Older signs of First Nation people and the Klondike gold rush that we saw further down the river seem part of the natural landscape in a way that the modern litter below Whitehorse did not. Below the mouth of the Teslin River we poked around the abandoned village of Houtalinqua, which once serviced the Klondike steamers and transmitted telegraphs. At the mouth of the Big Salmon River, we had lunch at a site that was once a village for the Tutchone, an Athabascan tribe, and later a fur trading post.

At the fully restored Fort Selkirk, below the mouth of the Pelly River, the kids (and the adults) were entertained and educated by Papa Don, a transplanted Ojibwa Indian, who tells handed-down stories of important things to know like why bears have short tails. You'll have to go there yourself to find out the answer.

Somewhere along the way, we passed Stewart's Island, which once hosted a couple of communities, including the cabin where Jack London overwintered before the Klondike Gold Rush. He only spent a year in the Yukon, during which time he got scurvy and lost all of his money. But his eidetic memory of the conversations that he had with other miners and trappers during the winter of 1897 gave him the setting for his many subsequent books, including Call of the Wild. His cabin was later moved to Dawson City as a historical site, where it was literally cut in half horizontally. The lower half remains there but the upper half was taken to Oakland, Calif., where Jack hailed from and where a duplicate cabin has been restored.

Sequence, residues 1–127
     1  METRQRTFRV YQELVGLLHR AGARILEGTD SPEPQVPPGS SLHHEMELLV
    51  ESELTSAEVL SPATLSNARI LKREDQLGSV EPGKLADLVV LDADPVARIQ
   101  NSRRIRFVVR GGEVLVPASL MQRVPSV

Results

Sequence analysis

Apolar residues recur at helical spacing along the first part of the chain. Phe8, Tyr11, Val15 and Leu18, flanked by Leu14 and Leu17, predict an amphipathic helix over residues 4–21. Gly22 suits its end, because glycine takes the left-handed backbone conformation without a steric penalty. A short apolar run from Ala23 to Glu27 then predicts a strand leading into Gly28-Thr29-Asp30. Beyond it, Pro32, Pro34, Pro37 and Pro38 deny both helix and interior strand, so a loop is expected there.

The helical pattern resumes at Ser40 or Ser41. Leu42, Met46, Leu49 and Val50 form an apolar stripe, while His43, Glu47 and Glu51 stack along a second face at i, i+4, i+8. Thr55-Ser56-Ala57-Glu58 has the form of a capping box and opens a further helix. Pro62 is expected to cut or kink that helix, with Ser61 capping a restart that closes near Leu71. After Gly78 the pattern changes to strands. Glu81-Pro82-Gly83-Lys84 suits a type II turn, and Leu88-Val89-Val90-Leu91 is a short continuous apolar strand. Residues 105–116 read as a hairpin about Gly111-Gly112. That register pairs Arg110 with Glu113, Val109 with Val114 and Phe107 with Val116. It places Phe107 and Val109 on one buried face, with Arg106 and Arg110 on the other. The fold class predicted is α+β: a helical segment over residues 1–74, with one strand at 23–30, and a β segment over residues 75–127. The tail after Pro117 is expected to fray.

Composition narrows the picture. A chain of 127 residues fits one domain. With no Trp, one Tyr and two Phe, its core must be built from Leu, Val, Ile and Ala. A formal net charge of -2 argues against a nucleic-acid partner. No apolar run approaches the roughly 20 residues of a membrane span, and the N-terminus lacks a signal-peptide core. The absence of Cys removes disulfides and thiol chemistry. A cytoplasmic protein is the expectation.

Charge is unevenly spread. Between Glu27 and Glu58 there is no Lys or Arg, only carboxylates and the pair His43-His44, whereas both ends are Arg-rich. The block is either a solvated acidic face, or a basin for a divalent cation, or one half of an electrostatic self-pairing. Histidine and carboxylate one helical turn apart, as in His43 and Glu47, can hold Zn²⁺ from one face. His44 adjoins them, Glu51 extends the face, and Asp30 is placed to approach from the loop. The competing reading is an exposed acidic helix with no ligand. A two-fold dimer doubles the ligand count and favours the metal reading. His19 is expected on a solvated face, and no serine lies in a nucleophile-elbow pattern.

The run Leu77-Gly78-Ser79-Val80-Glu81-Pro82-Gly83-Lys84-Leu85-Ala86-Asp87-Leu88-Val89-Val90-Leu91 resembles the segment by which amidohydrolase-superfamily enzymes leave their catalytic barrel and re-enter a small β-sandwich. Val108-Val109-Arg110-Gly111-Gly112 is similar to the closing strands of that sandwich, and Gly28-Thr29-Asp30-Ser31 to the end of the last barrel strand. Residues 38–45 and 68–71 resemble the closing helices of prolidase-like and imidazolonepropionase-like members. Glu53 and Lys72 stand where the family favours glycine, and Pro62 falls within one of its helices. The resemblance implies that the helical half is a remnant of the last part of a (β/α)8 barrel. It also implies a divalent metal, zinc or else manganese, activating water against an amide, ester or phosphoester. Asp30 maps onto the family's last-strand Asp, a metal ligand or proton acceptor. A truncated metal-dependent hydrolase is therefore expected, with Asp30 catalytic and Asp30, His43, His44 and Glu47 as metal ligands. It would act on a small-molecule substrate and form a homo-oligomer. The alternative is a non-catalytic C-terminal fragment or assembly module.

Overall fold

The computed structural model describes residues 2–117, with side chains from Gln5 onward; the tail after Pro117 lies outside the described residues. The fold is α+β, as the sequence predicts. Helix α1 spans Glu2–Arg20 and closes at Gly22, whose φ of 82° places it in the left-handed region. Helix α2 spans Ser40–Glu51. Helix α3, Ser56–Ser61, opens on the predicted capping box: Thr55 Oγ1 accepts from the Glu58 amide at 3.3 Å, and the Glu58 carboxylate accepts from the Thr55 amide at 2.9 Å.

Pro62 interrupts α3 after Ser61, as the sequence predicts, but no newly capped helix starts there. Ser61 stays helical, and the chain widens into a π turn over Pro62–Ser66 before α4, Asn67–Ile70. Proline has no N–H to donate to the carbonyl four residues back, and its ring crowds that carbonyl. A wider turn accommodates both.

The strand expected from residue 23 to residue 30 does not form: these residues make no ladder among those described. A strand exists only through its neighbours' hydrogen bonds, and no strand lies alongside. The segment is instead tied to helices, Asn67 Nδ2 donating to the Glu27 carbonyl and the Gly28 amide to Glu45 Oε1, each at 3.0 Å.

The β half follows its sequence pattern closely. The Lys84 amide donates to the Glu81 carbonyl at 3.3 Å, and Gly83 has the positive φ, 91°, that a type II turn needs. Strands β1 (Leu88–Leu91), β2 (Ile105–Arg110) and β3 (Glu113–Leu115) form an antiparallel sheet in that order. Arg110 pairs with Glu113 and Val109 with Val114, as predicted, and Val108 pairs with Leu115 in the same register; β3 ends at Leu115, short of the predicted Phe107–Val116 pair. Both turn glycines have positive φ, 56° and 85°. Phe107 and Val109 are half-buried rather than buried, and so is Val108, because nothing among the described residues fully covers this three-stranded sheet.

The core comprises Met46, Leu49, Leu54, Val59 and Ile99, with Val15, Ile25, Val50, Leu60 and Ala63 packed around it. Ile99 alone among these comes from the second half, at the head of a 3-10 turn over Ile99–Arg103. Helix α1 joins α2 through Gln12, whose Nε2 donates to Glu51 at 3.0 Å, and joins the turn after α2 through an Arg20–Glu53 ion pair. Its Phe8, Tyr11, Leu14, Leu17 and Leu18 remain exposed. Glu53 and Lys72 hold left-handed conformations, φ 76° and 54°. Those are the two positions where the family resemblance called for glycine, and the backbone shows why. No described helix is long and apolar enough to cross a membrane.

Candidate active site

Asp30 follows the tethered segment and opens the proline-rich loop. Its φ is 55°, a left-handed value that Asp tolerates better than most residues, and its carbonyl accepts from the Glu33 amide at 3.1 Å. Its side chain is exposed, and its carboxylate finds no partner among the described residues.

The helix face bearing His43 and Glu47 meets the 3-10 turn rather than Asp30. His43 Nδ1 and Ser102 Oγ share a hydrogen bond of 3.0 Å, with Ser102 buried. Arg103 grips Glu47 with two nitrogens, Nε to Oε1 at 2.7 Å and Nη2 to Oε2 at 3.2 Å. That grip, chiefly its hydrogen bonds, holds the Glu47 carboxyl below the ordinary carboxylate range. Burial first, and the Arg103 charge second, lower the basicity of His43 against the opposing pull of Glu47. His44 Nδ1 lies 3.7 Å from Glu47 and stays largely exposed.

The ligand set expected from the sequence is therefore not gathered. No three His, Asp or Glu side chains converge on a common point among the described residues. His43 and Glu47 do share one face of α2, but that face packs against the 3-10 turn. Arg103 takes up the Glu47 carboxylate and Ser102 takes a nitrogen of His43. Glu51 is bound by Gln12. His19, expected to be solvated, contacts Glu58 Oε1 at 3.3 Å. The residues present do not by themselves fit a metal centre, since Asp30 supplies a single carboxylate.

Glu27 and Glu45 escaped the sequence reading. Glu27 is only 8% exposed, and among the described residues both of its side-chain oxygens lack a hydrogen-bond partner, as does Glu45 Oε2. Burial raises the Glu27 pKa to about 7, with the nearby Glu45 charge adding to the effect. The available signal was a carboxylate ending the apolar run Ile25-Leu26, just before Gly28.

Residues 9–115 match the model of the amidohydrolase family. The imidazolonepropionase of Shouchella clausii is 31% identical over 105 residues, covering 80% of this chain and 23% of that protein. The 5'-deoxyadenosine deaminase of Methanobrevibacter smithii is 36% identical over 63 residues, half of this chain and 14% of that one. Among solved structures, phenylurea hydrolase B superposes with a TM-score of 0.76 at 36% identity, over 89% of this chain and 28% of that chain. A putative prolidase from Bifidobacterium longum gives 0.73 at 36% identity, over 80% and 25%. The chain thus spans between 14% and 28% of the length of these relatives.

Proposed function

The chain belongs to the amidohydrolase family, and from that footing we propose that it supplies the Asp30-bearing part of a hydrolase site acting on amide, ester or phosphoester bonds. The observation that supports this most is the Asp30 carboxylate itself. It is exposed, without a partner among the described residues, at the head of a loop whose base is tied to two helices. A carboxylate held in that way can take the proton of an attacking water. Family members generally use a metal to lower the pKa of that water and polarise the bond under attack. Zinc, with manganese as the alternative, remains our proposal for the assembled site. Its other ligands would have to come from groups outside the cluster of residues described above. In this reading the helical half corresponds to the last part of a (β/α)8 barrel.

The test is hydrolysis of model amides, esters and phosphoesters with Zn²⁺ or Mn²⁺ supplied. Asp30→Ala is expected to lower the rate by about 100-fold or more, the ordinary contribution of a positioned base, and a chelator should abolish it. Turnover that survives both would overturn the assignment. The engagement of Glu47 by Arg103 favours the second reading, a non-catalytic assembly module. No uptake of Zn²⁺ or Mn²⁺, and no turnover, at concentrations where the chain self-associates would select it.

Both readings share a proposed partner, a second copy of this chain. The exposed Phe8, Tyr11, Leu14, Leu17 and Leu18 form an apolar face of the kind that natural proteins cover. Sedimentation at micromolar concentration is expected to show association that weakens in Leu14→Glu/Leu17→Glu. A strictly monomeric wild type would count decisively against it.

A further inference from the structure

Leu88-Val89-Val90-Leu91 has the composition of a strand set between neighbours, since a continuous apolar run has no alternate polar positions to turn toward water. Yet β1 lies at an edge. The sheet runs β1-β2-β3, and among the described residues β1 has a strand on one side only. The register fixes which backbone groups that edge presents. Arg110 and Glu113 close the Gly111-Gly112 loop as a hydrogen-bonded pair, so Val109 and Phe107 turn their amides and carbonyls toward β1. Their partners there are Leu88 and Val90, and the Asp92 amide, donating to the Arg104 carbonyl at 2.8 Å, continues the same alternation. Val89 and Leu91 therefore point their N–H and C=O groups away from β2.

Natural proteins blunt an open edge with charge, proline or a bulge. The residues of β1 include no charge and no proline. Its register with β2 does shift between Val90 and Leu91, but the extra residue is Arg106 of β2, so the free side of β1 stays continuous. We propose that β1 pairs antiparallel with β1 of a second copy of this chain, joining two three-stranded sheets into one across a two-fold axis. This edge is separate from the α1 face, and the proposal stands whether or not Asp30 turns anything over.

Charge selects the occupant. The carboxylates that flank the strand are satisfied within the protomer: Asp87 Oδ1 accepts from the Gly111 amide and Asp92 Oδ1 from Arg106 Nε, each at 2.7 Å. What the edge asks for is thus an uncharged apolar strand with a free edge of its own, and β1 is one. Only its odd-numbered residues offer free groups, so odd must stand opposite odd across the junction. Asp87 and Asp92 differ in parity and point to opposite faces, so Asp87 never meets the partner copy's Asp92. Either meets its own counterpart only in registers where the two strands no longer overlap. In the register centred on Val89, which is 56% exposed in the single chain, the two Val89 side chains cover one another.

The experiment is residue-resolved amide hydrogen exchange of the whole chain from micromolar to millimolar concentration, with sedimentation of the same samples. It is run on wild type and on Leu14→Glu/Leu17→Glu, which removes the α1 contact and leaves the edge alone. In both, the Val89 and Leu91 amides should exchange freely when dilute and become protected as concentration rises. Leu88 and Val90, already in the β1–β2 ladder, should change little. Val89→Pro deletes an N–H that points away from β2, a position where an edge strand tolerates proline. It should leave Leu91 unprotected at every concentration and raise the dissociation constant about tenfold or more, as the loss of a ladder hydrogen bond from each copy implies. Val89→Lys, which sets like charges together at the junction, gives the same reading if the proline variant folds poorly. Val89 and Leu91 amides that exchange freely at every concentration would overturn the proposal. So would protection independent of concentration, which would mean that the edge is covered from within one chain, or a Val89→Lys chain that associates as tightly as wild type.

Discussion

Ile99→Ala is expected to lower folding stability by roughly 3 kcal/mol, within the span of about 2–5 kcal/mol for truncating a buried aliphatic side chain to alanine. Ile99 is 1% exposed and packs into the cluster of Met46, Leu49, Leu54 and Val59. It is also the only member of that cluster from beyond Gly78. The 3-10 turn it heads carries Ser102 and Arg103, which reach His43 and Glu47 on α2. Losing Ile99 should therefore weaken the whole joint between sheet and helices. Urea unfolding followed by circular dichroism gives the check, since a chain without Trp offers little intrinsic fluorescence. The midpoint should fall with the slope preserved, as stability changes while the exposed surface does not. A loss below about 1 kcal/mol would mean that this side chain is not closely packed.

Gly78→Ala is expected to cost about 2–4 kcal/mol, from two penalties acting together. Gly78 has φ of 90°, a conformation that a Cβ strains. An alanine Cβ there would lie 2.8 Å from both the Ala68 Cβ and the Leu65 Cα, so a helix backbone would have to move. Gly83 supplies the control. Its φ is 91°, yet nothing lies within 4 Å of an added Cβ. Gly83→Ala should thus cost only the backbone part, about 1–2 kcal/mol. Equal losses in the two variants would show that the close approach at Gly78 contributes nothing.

And somewhere along the way, I got to watch our kids grow up just a little bit more. Despite the absence of electronic gadgetry, which I had forbidden, they had memorable times panning for gold, fishing, paddling, poking fires, telling stories, and singing. Mika, my 11-year old daughter, grinned wildly from the bow as we shot through Five Finger Rapids. Charly, my 6-year old daughter, never, ever complained although at one point she was pretty close to being hypothermic.

We so settled into traveling on the river that when we were stuck in our tent for two nights as it rained for 30 hours straight somewhere along the international border between Yukon and Alaska, we just enjoyed sleeping and reading and eating and being with each other. I'm not sure who said it's the journey that counts, not the destination, but I think we accomplished a bit of what I had hoped for two years ago.

John Morton is the Supervisory Fish and Wildlife Biologist at the Kenai National Wildlife Refuge. He is also adjunct faculty at the University of Alaska Fairbanks and Colorado State University.

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Previous Refuge Notebook articles can be viewed on the refuge Web site, http://kenai.fws.gov/. You can check on new bird arrivals or report your bird sighting on the Kenai National Wildlife Refuge Birding Hotline at 907-262-2300.